Interior Story

Luxury and Connection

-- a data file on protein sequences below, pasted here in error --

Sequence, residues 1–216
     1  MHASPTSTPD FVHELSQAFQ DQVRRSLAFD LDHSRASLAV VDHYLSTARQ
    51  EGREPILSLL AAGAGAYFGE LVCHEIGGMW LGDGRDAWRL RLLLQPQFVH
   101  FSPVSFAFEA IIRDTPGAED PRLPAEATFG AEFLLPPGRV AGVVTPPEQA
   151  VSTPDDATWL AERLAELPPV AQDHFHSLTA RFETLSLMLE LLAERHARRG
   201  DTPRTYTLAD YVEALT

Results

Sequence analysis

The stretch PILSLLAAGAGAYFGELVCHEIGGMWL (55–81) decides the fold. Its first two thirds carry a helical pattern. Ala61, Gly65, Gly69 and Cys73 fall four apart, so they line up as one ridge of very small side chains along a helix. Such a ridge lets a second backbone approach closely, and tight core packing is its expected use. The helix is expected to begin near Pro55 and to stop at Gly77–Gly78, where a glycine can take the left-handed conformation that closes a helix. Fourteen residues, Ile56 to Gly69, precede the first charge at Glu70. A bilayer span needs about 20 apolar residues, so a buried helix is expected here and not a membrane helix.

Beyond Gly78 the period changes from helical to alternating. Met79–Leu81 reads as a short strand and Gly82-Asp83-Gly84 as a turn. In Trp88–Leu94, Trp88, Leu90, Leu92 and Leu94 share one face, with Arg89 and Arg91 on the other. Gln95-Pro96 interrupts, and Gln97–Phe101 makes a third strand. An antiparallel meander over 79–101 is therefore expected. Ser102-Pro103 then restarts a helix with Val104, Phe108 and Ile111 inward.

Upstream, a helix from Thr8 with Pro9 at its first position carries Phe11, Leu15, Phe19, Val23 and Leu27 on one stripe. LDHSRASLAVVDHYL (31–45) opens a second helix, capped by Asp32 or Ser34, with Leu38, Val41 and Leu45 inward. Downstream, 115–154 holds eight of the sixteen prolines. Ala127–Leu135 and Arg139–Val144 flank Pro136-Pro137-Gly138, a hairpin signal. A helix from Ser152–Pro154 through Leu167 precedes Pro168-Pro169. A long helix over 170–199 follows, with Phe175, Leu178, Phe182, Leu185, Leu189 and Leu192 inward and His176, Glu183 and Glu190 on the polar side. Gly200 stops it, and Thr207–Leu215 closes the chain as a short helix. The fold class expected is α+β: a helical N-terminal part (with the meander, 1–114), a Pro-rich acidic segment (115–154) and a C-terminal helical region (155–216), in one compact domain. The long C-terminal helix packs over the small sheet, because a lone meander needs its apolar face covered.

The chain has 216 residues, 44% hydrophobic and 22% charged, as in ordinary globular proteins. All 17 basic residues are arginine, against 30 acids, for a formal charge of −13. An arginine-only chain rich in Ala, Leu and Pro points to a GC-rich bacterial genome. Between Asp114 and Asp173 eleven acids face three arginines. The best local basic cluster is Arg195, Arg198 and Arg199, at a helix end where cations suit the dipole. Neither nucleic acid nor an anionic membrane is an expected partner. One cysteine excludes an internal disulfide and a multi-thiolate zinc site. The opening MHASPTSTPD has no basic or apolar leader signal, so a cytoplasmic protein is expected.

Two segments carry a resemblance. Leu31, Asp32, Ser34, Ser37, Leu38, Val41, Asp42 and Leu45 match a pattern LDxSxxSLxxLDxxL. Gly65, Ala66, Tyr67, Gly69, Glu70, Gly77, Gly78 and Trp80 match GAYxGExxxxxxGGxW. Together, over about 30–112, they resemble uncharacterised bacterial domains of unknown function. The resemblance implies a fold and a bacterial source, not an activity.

Community—its creation; its growth—is a tremendously important aspect of our design for Holden of Bellevue. Thus our design, both for memory care and assisted living, prioritizes social gatherings. Each residential unit is relatively small, whereas Holden’s shared amenities are physically, thematically, and programmatically central. Among the most visible aspects of this community-first programming is Holden’s dining spaces. Mealtime is an essential social anchor in people’s lives, no less so for Holden’s residents. For assisted-living meals, we designed an open-plan dining room divided into two halves separated by a partial-height wall and patterned metal screens above. On one side, we placed a two-sided gas fireplace; on the other, an open kitchen with a large, pass-through window. Both halves offer two separate but related dining experiences. Our calming memory-care amenity space, too, is open and centrally located. The living room opens to dining and an intimate kitchen, designed to resemble a residential kitchen, that leads to another activity space. A covered courtyard gives Holden’s memory-care residents year-round access to the outside. Luxury is equally important to our interior design; inspired by our experience in the hospitality sector, Holden feels luxuriously rich from the moment you enter. At the main entry stands a soothing water feature of the sort not out of place at a high-end hotel. A floor-to-ceiling feature wall in the front vestibule showcases a vividly abstract graphic, creating a dramatic, artistic first impression of the building’s interior. Even the front desk is gorgeously appointed, with a full-height chevron backdrop of limestone tile, gold decorative pendants, and a linear wood ceiling. Farther inside, the living room opens to the main lobby, bringing a soft, more residential feeling to this lounge space. The aforementioned two-sided gas fireplace, clad in an onyx-look tile, is shared with the equally luxurious dining room. Our material palette is richly textured throughout, with deep, moody finishes, walnut-finished wood, jewel tones, and organic patterns punctuated with gold elements in the lighting and decorative screens. Stretched fabric acoustical ceilings reduce echoes and background noise, adding to Holden’s sense of comfort and calm. And of course our design includes amenities for residents’ wellness, with a big fitness room for yoga and chair exercises. When necessary, this opens to the adjacent activity room for large-group activities. We use color intentionally throughout Holden. In the memory care areas, light and neutral colors comfort and soothe residents. Assisted living is livelier, with punches of color and jewel tones. Since the bistro and salon serve both senior residents and the general public, we designed them with a more contemporary feel: Sparkling gold, metallic lighting, and plenty of seating. These floor-to-ceiling storefronts are very much modern retail spaces, with large windows and an oversized steel canopy out front. Clean lines and bright accent colors unequivocally distinguish Holden from less bold senior communities. This building is anything but beige. Finally, we chose the native Pacific madrone tree for Holden’s hero image for two reasons. First, because it’s planted all over the city of Bellevue. And second, because its symbolism with the area’s First Nations includes refuge and healing. Trees, like communities to people of all ages, are life.